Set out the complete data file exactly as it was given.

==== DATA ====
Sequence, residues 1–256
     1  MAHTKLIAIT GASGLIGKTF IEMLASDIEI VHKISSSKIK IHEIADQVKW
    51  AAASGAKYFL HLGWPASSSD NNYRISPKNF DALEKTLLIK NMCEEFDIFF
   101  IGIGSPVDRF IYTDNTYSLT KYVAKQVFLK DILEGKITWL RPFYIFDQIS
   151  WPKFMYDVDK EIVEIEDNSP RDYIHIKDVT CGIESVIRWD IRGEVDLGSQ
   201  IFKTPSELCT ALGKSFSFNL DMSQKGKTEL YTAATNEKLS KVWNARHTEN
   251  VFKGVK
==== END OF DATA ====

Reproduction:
Sequence, residues 1–256
     1  MAHTKLIAIT GASGLIGKTF IEMLASDIEI VHKISSSKIK IHEIADQVKW
    51  AAASGAKYFL HLGWPASSSD NNYRISPKNF DALEKTLLIK NMCEEFDIFF
   101  IGIGSPVDRF IYTDNTYSLT KYVAKQVFLK DILEGKITWL RPFYIFDQIS
   151  WPKFMYDVDK EIVEIEDNSP RDYIHIKDVT CGIESVIRWD IRGEVDLGSQ
   201  IFKTPSELCT ALGKSFSFNL DMSQKGKTEL YTAATNEKLS KVWNARHTEN
   251  VFKGVK